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Somewhere north of Penn Station, my cabbie offered me his copy of Wired. Our chat had taken a turn from local politics to local area networks.

"You remind me of Dorothy Parker with your opinions on everything," he said, thrusting the neon techno title through the partition between us.

We moved back into traffic, and he spoke to me gravely. "You should go to an Internet cafe and make your own home page, get your ideas out there online."

I supposed an "Internet cafe" referred to one of New York's new computer diners, where I could spend $10 an hour to read e-mail from my buddies in grad school or do research while downing espresso and sushi.

Between April and July, at least five New York locations have installed full Internet access, combining cozy counter service, hip attitude and cyberspace.

Legend has it that SFNet, a 1991 movement to bring computing to average San Franciscans, birthed the whole trend. SFNet was launched by a Bay area couple as a bulletin board system and became a network of 20 coin-op computers providing access to e-mail and online services.

Some 60 full-service Internet cafes operate worldwide, according to a Cyber Cafe Guide on Prodigy. In the Big Apple, @Cafe, Cyber Cafe, Heroic Sandwich, Internet Cafe and one of the four local News Bar franchises have joined the act.

Several, such as @Cafe, have liquor licenses, full kitchens and gimmicks like CU-SeeMe hookups allowing a user to see and hear chat partners in real time. Some, like News Bar and the Coffee Bar Emporium in Tel Aviv, offer a single machine as a convenience.

Cafe names are as diverse as their services and clientele. Canada has Eek-a-Geek and CyberPerk, while in the U.K. multiple Cyberia locations and the Charlotte's Web Cafe serve the wired-minded. Austria has Das Computerhaus Cafe; France, Le Web; and Belgium, Internet Yourself.

So there I was, a few weeks later, standing on St. Mark's Place among New York University students and nose ring vendors outside the @Cafe, where their slogan is "Eat, drink, 'net."

I appeared at lunchtime and found myself jockeying with fellow journalists from a Japanese camera crew and ABC News to get at the centrally located CU-SeeMe machine.

I logged on to the machine, and, while standing in front of a plum-size movable computer camera, made a connection to a Cornell University server where several men in their 20s could now, if they so clicked and tinkered, see me.

Video windows featuring Darryl, Cornholio, [email protected] and a character named Jesus who kept rotating his CU-SeeMe cam and speaking in tongues appeared before me.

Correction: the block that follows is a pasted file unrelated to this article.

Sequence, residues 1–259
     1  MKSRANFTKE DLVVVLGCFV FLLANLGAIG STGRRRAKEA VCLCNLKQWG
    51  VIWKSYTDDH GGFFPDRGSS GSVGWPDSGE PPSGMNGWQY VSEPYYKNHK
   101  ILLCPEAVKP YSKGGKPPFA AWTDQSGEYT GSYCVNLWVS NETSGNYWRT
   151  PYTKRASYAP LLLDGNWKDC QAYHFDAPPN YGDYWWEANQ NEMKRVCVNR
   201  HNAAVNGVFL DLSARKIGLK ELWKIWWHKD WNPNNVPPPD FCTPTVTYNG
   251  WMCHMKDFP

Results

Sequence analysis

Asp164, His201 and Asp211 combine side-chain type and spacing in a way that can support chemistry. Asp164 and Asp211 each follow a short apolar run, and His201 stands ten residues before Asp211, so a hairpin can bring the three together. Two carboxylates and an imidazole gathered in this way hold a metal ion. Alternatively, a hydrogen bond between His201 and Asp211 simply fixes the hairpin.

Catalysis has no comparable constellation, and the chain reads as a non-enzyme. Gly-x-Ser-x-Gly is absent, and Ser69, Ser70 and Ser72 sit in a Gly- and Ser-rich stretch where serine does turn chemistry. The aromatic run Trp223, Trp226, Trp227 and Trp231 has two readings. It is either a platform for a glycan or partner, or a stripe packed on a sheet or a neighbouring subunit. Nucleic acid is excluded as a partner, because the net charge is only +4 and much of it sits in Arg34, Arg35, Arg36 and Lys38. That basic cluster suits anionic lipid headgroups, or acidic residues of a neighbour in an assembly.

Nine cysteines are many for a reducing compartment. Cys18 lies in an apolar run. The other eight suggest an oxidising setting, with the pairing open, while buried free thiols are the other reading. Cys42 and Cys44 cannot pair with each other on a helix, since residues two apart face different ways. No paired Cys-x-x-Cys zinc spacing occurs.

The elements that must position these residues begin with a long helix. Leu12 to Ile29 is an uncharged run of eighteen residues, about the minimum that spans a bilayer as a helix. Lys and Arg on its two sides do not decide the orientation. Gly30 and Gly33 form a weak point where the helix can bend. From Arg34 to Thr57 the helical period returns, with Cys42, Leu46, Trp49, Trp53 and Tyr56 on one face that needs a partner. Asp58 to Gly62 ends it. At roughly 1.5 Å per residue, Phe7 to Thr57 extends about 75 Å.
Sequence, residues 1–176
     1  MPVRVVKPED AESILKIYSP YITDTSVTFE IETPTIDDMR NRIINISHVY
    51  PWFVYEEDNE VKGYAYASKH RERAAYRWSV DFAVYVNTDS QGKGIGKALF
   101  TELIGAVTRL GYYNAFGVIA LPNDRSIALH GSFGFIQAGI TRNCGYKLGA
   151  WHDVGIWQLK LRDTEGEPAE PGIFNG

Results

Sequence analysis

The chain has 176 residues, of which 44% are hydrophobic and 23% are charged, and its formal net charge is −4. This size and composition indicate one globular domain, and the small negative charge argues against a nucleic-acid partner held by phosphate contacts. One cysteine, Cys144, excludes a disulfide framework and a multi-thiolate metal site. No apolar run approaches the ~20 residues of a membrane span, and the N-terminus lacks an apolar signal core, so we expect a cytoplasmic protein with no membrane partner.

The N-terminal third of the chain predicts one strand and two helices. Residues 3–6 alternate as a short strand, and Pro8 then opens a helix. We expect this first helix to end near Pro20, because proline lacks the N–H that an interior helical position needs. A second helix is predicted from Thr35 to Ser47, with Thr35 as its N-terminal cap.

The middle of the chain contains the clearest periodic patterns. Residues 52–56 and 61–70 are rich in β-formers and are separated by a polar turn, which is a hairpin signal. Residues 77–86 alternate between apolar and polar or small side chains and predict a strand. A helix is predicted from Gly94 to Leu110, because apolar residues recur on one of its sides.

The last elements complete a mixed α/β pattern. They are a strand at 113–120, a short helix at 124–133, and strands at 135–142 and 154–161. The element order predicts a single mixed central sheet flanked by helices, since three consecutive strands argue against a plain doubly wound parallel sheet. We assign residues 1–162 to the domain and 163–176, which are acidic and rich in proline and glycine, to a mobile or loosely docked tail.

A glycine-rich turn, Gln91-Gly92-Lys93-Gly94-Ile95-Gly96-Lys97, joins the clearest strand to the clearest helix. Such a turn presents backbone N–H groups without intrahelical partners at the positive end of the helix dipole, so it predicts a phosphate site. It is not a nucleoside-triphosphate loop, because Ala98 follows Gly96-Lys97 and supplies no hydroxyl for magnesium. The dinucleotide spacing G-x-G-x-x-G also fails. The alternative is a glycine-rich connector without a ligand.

Crusty Darryl, 24, a library employee at the University of California, Santa Barbara, told me over our connection he was "a media whore" who avoided his local Internet cafe. "Yeah," he said with a snicker. "I'll go get some cyber fries with cheese there."

A wide-eyed mother of two from Scarsdale, N.Y., sipping tea in the comfortable room behind the bar, said she wouldn't let her teens use the Internet at home. "I don't want pornography in my house, or for perverts to write my kids," she said. "But this is great-the Internet, with tea and crumpets."

"This has a strong chance of success because we have a variety of revenue streams that strongly reinforce each other, like e-mail account rentals and browsing," said Nick Barnes, co-owner of the cafe.

A half-mile away, below Houston Street, I found "SoHo's first Internet cafe," the Cyber Cafe, on a block of eclectic furniture stores and antique dealers. Bruce, a lanky Oxford third-year computer whiz/waiter, gave me a basic lesson on one of the machines, which line the perimeter of the sunny corner facility.

"Most people start with supervised browsing," he said, as he parted the curtains to cyberspace through a link at Imperial College in the U.K. I used Yahoo's search engine to learn that my alma mater's student paper was now online, that rent on a one-bedroom apartment in my hometown was affordable and that sites for upcoming Grateful Dead concerts looked safe on a downloaded photo.

He showed me a site at Cambridge University where a 24-hour camera provides pictures of a coffee maker ( "The people who work in the library here are lazy, see," he said, "and they like to look online to see if there's any coffee in the pot before they get up to pour more."

Some media watchers are irked at the cafe trend, though, and say it reflects a scheme to enable entrepreneurial wallets.

Jonathon Steuer, a Stanford MBA who helped start up Wired and HotWired, said he takes the cafes seriously but has mixed feelings about those he's seen to date. After leaving the Wired arena, he launched Cyborganic, a Web site to bolster the electronic coffee cafe community ( He's also considering opening his own cyber "hangout."

"I'm waiting for the right time," he said of his future business. "I think it's excellent that these businesses are getting stuff out there, that they're building physical spaces that give people access to the Internet. But I guess you could tell the chef, `it's not cooked yet."'

Others are critical of the long-term viability of cyber cafes.

"At best, these new venues will be a two-to-three-year phenomenon that exists only while PC users without Internet connections exist," a recent Forrester Research report stated. Despite the criticism, numbers reveal that cyber cafes are going strong.

"It's important in this business to move swiftly, to differentiate yourself and develop brand equity," said Evan Galbraith, co-owner and business manager of Cyber Cafe.

Sounds like Cybermarketing 101 to me.

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